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Le Chéile 30



Pictured are the College Principal, Professor Peter Finn, Baroness Nuala O'Loan and her husband Declan O'Loan, Fr Niall Coll, Dr Gerard McCann, Mr Sean McCrystal, Mrs Sharon Haughey, Dr Tracey McKay, Dr Aidan Donaldson and Mr Michael Kelly, editor of the Irish Catholic newspaper.


St Mary’s University College celebrated the 30th issue of Le Chéile: A Catholic School Ethos Journal at a reception and lunch on 4 January 2019 to recognise this significant achievement.

The journal is produced twice per year and is circulated to over four hundred schools and individuals as well as to staff and student teachers. It seeks to articulate the vision of Catholic education and to identify, explore and promote ways in which this vision can be lived in schools. The Managing Editor is Rev Dr Niall Coll, Senior Lecturer in Religious Studies at St Mary’s.

The event to celebrate the 30th issue was attended by the College Principal, Professor Peter Finn, Baroness Nuala O’Loan and her husband Declan O’Loan, Rev Dr Niall Coll, Dr Gerard McCann, Mr Sean McCrystal, Mrs Sharon Haughey, Dr Tracey McKay, Dr Aidan Donaldson and Mr Michael Kelly, editor of the Irish Catholic newspaper.

Baroness O’Loan spoke at the celebration and said:

“I would like to congratulate those responsible for the production of Le Chéile, for it is rich —rich in its content, its illustrations and its beautiful covers — another opportunity to take the gospel story through the wonderful world of art.

“This is where Le Chéile makes a contribution. It reminds teachers of the essence of the Catholic ethos. Through the writing of students, children, teachers and others there is a regular practical publication of what Catholicism teaches and how it is loved!”


Professor Peter Finn with Baroness Nuala O’Loan and Rev Dr Niall Coll


Professor Peter Finn with Baroness Nuala O’Loan and Rev Dr Niall Coll


Rev Dr Niall Coll said:

“The thirtieth edition of Le Chéile is a significant milestone, and this lunch underlines that. Thanks to Peter Finn and the College for convening this small group to mark the occasion.

I fell into editing the magazine – on a temporary basis – on the occasion of its third edition in 2005. Gerard McCann and I, in spite of all the other demands on time and energy here since, have stuck together as a team and kept the show on the road … Sean McCrystal in more recent times has done so much to enhance the look and feel of the magazine, and for this I am most grateful.

This lunch provides me with an opportunity to recall that the journal’s mission is to help schools to identify, explore and promote ways of living out the distinctive vision of Catholic education.

It need hardly be said that our schools exist in a climate of intense media and political scrutiny. The constraints imposed on staffing levels and resources by the climate of austerity and political stalemate locally are painful.

For all that, we know that our schools, primary and post-primary, are academically high-achieving and much-praised by the Education and Training Inspectorate for the pastoral, spiritual and social outworking of their ethos.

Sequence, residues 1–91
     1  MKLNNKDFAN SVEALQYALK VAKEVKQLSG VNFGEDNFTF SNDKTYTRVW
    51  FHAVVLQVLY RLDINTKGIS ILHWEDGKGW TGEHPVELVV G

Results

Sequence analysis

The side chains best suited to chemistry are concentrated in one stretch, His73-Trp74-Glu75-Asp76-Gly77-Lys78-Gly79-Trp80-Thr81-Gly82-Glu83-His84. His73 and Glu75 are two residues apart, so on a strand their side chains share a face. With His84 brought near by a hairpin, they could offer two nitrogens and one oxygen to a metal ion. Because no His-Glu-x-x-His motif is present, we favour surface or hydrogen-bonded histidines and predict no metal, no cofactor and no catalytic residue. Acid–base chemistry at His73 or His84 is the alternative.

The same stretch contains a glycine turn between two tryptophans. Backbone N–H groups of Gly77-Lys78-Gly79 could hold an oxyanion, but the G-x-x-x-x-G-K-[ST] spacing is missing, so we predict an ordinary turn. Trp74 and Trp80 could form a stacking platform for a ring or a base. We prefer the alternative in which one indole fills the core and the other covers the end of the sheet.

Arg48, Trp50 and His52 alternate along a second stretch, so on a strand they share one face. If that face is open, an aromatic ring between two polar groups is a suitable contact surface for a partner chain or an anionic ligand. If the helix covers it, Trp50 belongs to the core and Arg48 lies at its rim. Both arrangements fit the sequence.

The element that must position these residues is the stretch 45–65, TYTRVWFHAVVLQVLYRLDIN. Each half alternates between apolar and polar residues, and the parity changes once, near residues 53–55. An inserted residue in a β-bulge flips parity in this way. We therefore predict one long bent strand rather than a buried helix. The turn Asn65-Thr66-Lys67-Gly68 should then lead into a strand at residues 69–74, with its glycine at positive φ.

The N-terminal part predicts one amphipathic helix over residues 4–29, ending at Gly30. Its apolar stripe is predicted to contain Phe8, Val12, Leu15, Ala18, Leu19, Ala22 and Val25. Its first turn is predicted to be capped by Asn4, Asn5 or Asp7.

We know, too, that our schools more than happily coexist alongside state-controlled, integrated and other types of schooling. That is not to imply, however, that they are not under pressure from a broader educational landscape that is increasingly shaped by utilitarian and more secular tendencies.

Not only Catholics feel this pressure: the former UK Chief Rabbi, Jonathan Sacks, has commented (2012): ‘Today, in a Europe more secular than it has been since the last days of pre-Christian Rome, the culprits are an aggressive scientific atheism, tone deaf to the music of faith; a reductive materialism blind to the power of the human spirit ... A consumer driven economy that is shrivelling the imaginative horizons of our children; and a fraying of all social bonds, from family to community ...’

You don’t need me to tell you that Catholic education must see beyond such limited horizons and continue to promote a broader, richer, more holistic vison.
When Catholic schools are faithful to their own distinctive ethos they transcend those pragmatic and utilitarian philosophies that understand the educational enterprise as merely an instrument for the acquisition of information that will improve the chances of worldly success and a higher standard of living.

Catholic education at its best has a profound spiritual and social vision that builds up our capacity for empathy with others, especially the poor and the newcomer. This vision is more necessary than ever in a world so marked by the breakneck speed of technological change and the impersonal networks mediated by smartphones and iPads which so dominate the lives and imaginations of the so-called i-Gens – those born after 1995…

Catholic educators need to articulate and give concrete shape to their vision of education as essentially a humanising endeavour characterised by love, hope and social justice, forming young people who will serve the world with their gifts.

And this is precisely what Le Chéile has been striving to do over its thirty editions … and surely an audience like this needs no persuading of the importance of this work in the years to come.”


Le Chéile - Issue 30 available to download